Intent on bringing the narrative’s players out of the shadows, “The Tragedy of King Richard III” finds new depth in its characters. As Richard (a role shared with Peter Rowland), Atticus Robb is appropriately initially hesitant but after a while arrogant in his quest for the throne, yet so sympathetic is his portrayal when he unleashes his furious wrath in a standout monologue, that it is met with a whoop of support from invested audience members. His brilliance is made all the more impressive by the fact that this represents the young Brisbane actor’s (he was born in 2002) first profession stage performance.


Although the fearlessly talented Atticus dominates the stage, this is far from a one-man show. The cast is excellence, as expected. Particularly as Richard (and England)’s Queen, Anne Neville, Amy Ingram confettis the stage with sass, bringing many of the show’s biggest laughs in articulation of her modern teenage sensibilities in initial interaction with a young Richard.


Another silence filled in realisation of the show’s sometimes feminist discourse, is that of Margaret of Anjou, another English Queen, the wife of King Henry VI, whose husband was killed by Richard. Helen Howard gives a powerful, unrelenting performance, vehement in her passion but also cement of an angry feminist stereotype.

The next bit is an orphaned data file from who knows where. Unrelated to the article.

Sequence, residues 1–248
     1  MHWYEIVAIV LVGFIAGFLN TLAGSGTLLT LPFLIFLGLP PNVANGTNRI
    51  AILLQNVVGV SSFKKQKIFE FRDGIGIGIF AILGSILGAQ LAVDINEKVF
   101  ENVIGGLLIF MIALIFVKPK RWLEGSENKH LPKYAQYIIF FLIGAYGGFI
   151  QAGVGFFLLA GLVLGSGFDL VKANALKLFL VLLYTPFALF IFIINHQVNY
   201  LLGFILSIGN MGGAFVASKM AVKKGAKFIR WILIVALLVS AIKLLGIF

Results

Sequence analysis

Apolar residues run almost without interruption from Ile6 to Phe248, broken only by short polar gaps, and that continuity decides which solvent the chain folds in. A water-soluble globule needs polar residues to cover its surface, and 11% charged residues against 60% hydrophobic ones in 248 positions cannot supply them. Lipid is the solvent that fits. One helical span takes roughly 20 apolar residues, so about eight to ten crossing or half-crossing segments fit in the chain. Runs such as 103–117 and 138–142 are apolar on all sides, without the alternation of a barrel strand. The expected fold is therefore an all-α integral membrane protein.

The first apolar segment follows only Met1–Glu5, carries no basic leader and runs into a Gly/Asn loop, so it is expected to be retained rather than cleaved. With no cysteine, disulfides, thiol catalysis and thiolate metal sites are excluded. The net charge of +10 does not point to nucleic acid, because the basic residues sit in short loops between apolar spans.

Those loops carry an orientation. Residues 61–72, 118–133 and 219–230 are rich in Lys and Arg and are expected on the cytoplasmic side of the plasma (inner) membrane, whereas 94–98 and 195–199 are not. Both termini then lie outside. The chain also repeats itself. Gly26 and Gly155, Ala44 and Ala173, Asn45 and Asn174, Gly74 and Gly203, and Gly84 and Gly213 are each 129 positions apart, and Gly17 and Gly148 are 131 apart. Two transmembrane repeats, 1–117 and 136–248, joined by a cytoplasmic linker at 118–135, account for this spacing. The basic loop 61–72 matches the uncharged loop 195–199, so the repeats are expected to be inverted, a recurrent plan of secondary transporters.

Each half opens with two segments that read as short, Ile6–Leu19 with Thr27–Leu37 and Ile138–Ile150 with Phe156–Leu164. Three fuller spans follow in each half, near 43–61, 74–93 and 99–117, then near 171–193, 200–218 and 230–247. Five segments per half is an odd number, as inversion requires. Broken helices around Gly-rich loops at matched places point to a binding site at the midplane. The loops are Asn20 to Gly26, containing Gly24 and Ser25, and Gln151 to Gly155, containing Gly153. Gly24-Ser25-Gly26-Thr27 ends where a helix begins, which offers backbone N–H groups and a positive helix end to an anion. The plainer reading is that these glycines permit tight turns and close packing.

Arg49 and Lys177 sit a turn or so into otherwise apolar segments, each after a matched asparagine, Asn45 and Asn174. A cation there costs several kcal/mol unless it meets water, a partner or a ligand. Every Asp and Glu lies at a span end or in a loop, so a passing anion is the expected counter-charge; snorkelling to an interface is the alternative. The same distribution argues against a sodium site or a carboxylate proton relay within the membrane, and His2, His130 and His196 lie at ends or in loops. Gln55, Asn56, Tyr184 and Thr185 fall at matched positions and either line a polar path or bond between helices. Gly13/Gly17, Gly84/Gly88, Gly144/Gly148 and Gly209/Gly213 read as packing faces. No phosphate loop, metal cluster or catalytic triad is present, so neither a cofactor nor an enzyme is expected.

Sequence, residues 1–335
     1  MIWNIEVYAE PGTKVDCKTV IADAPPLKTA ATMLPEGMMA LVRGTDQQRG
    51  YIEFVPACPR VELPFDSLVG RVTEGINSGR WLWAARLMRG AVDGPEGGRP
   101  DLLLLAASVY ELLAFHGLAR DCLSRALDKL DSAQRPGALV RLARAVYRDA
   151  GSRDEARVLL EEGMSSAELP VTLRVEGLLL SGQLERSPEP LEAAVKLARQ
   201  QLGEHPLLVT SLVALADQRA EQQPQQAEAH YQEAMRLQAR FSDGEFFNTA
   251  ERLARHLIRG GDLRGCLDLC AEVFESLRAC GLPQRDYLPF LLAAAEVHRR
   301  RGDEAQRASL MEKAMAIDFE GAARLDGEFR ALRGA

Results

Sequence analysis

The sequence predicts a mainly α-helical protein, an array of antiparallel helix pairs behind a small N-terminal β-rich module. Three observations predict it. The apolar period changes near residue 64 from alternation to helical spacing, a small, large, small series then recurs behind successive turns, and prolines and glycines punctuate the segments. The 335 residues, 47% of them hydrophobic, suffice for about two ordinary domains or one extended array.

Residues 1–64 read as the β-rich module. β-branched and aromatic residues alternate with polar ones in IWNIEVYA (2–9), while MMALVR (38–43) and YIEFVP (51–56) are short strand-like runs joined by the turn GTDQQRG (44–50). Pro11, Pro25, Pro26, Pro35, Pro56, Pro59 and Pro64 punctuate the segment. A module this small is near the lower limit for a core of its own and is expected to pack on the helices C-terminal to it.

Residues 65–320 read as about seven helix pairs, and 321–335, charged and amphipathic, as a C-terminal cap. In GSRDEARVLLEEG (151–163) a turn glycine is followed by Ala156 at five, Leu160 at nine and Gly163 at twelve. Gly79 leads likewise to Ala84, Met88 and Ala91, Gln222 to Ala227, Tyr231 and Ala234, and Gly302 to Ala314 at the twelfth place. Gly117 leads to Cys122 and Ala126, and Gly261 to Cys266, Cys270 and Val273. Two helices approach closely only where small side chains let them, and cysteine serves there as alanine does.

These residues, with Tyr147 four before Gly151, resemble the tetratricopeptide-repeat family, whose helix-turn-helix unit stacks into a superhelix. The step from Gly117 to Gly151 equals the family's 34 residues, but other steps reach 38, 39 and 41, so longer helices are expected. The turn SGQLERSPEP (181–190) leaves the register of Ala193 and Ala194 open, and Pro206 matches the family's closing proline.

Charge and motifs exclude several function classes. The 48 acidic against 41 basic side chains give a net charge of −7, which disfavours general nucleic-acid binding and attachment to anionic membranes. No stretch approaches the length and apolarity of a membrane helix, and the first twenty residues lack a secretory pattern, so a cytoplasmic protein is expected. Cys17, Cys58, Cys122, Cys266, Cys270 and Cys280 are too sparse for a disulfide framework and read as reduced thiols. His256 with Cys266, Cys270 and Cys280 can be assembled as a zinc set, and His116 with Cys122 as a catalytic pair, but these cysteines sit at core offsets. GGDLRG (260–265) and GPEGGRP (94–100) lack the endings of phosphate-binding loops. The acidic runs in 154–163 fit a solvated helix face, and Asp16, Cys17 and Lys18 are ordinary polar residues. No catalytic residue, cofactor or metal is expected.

Also commanding in her performance is Naomi Price, particularly as the show’s ringmaster of sorts, engaging audience members in her collective self-referential proclamations and reflections, and later as incantation of Queen Elizabeth 1st (granddaughter of Henry Tudor, Richard’s killer) in illustration of our proximity to the problem. And having Price in the cast allows for the wonderful inclusion of live musical numbers. Whether in Whitney Houston mode popping out soundtrack to a disco-balled dance off between the young Richard and Anne or belting in exploration of the nature of power in ‘No Church in the Wild’, she more than delivers vocally, adding another layer to the already intricate story.